Two other sections linked from the Mir text deserve mention. One is “Bilingual Blues”, which examines the training that NASA Mir astronauts received in Russian. The quality of language training varied by expedition. According to the text, “Mir Astronaut John Blaha thought that inadequate language preparation was perhaps NASA’s “biggest mistake” of the Shuttle-Mir Program, although he became comfortable with Russian while onboard Mir.”

The section on “Long Duration Psychology” notes differences in training between astronauts and cosmonauts. In particular, Cosmonauts have ground training in isolation that lasts between two weeks and thirty days. This difference in training and the lack of psychological compatibility matching on the American side were noted as responsible for some friction on the station. It is a good read if your story includes small crews cut off from meaningful contact.

Marine Advisors With the Vietnamese Marine Corps

Marine Advisors With the Vietnamese Marine Corps. Charles D. Melson and Wanda J. Renfrow, compliers and editors. Occasional Paper. 2009. 188 pp.

Print – http://www.worldcat.org/oclc/429210694

Representative questions that can be answered with this resource:

  • What sorts of travel advice were new Marine Advisers given prior to their departure for Vietnam?
  • What could an adviser expect from his Vietnamese “cowboy?”
  • What type of terrain is Rungśat?
  • What sort of rations were eaten by the South Vietnamese Marines?
  • What were US advisers expected to do if their advice wasn’t taken?
  • Why was a sense of humor valued by the US Marines and Vietnamese alike?
  • How many different kinds of advisers served with Vietnamese units?


From the preface:

This occasional paper provides documents on the topics of the Vietnamese Marines and the U.S. Marine Advisory Unit from this period. William D. Wischmeyer created the reference that the unit and history was based on. As a captain, he drafted the “Vietnamese Marine Corps/Marine Advisory Unit Historical Summary, 1954-1973,” signed off by the senior Marine advisor on 22March 1973. Another valuable collection of Vietnamese Marine Corps material was kept by then-Lieutenant Colonel Anthony Lukeman when the Vietnamese Marine Corps Logistics Support Branch, Navy Division, Defense Attaché Office was closed in 1975. It and the other essential source material enclosed were sent as part of the Marine Advisory Unit’s command chronology, in the Gray Research Center archive, Quantico, Virginia.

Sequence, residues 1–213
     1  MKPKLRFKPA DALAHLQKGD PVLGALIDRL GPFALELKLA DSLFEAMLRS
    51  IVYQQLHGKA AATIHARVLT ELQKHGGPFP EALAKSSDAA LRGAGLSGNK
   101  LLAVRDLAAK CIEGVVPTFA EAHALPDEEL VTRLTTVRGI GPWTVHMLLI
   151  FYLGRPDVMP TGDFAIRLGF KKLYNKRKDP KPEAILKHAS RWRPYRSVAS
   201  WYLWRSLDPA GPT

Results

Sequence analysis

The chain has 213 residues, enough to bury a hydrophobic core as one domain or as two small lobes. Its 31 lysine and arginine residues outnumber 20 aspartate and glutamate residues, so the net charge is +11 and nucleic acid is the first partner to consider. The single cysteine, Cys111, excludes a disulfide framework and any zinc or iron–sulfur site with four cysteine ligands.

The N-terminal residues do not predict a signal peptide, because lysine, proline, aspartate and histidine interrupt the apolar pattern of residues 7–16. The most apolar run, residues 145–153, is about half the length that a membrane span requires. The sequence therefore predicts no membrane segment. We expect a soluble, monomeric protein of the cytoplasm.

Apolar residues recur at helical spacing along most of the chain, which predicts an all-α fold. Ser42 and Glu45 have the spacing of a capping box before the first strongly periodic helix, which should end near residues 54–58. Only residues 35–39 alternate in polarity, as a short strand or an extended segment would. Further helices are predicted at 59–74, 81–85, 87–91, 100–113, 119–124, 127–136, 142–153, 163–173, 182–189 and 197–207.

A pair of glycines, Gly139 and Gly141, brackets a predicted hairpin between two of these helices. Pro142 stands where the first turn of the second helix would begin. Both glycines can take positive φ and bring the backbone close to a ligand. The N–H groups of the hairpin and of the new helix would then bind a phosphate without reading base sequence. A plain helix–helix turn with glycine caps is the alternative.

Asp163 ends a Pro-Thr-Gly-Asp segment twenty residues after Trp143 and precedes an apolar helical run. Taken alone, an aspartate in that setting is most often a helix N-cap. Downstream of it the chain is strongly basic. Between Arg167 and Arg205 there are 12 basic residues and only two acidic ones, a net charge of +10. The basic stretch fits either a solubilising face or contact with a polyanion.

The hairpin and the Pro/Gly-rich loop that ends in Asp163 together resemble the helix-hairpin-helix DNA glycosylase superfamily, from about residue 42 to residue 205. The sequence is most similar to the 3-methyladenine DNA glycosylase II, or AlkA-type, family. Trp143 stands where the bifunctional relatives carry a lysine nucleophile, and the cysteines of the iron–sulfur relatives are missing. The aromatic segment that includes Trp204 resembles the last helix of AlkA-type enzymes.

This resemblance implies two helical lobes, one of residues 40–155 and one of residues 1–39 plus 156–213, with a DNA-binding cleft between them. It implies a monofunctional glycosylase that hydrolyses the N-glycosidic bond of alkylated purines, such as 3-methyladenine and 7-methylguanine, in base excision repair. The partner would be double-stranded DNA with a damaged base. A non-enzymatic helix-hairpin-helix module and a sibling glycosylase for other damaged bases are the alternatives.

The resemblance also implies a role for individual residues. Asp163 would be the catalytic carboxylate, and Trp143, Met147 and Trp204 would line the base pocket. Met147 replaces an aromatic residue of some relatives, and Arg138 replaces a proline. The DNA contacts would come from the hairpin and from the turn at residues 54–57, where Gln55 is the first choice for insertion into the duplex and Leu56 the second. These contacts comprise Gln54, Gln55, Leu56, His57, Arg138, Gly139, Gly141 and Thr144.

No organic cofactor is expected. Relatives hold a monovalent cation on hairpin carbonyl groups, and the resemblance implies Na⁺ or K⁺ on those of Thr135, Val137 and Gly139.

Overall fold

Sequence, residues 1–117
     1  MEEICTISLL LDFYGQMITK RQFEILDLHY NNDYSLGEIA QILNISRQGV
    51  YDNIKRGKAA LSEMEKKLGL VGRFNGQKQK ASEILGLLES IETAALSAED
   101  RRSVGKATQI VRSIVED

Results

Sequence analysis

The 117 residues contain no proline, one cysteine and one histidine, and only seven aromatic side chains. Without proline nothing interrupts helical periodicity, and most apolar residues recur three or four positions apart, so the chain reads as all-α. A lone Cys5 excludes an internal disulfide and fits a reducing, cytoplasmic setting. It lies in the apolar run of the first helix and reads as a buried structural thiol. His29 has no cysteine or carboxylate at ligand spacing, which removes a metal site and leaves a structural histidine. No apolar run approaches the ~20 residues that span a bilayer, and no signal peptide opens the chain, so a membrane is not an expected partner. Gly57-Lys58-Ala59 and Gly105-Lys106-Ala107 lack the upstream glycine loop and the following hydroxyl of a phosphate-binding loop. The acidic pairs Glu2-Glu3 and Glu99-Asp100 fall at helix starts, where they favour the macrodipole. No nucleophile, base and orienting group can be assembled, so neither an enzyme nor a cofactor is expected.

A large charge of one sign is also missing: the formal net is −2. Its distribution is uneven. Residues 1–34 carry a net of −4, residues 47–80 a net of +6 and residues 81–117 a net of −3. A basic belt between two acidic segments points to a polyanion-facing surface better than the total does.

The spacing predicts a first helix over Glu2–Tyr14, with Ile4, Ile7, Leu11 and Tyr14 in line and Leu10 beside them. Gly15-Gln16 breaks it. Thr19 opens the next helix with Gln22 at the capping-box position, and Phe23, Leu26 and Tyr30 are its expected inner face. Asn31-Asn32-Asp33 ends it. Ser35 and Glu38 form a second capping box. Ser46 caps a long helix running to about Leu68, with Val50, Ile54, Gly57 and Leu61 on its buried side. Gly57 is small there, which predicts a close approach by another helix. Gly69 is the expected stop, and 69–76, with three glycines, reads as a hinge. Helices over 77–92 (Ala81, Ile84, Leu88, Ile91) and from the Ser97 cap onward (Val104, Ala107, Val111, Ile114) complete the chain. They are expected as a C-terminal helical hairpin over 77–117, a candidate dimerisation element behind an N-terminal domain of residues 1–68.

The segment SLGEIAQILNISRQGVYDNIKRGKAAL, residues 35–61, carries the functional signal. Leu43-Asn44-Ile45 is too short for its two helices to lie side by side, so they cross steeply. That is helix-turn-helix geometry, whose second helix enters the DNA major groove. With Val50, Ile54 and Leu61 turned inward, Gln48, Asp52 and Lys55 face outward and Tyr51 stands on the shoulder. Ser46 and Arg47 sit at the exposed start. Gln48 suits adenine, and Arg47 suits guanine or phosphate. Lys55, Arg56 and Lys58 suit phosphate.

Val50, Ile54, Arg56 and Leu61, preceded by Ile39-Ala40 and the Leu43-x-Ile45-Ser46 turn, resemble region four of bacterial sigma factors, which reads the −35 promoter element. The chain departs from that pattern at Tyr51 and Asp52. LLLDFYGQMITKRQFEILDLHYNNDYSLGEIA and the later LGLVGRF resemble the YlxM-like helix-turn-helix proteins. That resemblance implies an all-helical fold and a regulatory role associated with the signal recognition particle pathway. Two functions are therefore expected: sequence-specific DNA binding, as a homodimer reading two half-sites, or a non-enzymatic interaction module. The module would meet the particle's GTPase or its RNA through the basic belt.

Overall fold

Several documents from this work will be very helpful to writers of period stories or of formulating similar counterinsurgency documents for alien worlds:

  • Senior Advisor Brief
  • What You Should Know When Assigned To A Vietnamese Marine Battalion As An Advisor
  • Techniques of Advising
  • Standing Operation Procedures for Marine Advisory Unit (170 pages plus)

The first two documents are quick tip items. The Techniques of advising is slightly longer, with a long list of “dos” and a few pages of “don’ts.” The Standard Operating Procedures should be consider the adviser’s manual. It details duties of specialized advisers like Motor Transport Mechanical Advisor, Ordnance Advisor and Medical Advisor.